- League and Exhibition play. A couple of different game modes to get your teeth into.
- The Teams. Everything you need to know about how to play each of the available Blood Bowl teams.
- Star Players. The lowdown on over 20 different star players that you can hire to boost your team.
There are noticeably few other ways to play. And by few, I mean none. I can’t help feel like this is a missed opportunity. I think if you play Blood Bowl and love Blood Bowl, you’re going to love this box. If you are diving into the game and have time to delve into its minutiae, you’ll love this box. If you’re like me, and you’re sitting on the fence, family life on one side and all the miniatures games in the world on the other, you may struggle to find your incentive to pick Blood Bowl.
These observations are coming from the perspective of somebody who knows little about the game. It looks super-fun and a work of beauty, but it also looks very complicated. There appear to be a number of additional rules that, whilst they add to the immersion of the Blood Bowl experience, don’t add much to an actual game of Blood Bowl. Especially the first few times you’re playing
Perhaps in the long term, these rules aren’t truly optional, but rules like the weather roll, praying to Nuffle (the Blood Bowl god), and the kick-off event table, are definitely something you don’t need for your first games. For ease of access, a quick start, slimmed-down ruleset would definitely help lure me in. I talked, in my recent review of Bardsung, about designer Mat Hart’s “Christmas Test.’ Looking at Blood Bowl, I’d be worried about finishing a game before Easter.
I also feel, and this is entirely personal preference, that GW should have taken the opportunity to realize that many people enjoy games like Warhammer Underworlds and Warcry because of their ease of accessibility and fast playtime. There are unofficial 7s rules for Blood Bowl and it would have been great to see the short-form game being given an official outing. It may have given rise to some logistical issues, but GW already has a great “fast” version of the game in the form of Blitz Bowl; I’d love to have seen that given a run-out here too. A buy one get one free, if you will. Blood Bowl feels like it should be the ultimate in fast-pick beer and pretzels miniatures gaming, but it’s too complicated for that.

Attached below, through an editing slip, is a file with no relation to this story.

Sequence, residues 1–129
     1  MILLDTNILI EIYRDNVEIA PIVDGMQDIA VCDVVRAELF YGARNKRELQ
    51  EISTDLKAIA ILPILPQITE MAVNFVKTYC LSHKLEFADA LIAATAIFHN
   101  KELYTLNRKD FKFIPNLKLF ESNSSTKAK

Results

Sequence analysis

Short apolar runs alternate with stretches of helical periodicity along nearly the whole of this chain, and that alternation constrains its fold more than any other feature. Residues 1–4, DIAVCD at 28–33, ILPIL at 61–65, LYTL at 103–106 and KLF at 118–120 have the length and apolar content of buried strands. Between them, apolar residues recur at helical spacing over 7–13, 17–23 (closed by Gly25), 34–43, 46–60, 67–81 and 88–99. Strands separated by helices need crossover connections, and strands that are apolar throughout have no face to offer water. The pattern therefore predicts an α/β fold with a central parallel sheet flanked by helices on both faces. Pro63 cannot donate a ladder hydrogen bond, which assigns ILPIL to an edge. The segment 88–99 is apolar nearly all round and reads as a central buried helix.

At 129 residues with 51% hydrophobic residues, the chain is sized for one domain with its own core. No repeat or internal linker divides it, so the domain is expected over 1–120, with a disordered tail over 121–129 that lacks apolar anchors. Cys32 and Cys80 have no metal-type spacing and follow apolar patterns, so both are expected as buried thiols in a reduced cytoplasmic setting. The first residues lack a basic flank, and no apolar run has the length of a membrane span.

More About Those Lovely Models.
Whilst it’s true that the models are great, a quick note about how they go together. First up, they’re not “push-fit” which GW has moved to on some of the boxed games. This, again, is an indicator that the company doesn’t see this as a beginner box. You will need some polystyrene cement to put the models together and some sprue clippers to cut the models off their sprues.
Secondly, they’re not that easy to put together. I’m not very good at model assembly. If I can do it wrong, I will do it wrong and the few models I have assembled so far drove me crazy. The instructions are more than adequate but the Imperial Nobles, in particular, are quite fiddly. I recommend putting them together at a measured pace and not in haste to get a photo out before publication of a review!
Finally, the models come with “slotta” bases. i.e. they have a big rectangular hole across them. The models (bar one) don’t need slotta bases. i.e. they don’t have a big rectangular peg to fit in said hole. This isn’t a big problem, but it is a little frustrating, as you’re going to have to fill the gap for every single model.
Perhaps, without having rolled a single dice, my analysis is unfair. The Blood Bowl box is a thing of beauty, but it very much feels like a game for existing players. It’s definitely enticing, but whether there is enough here to get newbs like me over the line, I’m not sure.
If you want to check out more about Blood Bowl: Season 2 check out the Warhammer community website.
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Disclosure: GeekDad received a copy of this game for review purposes.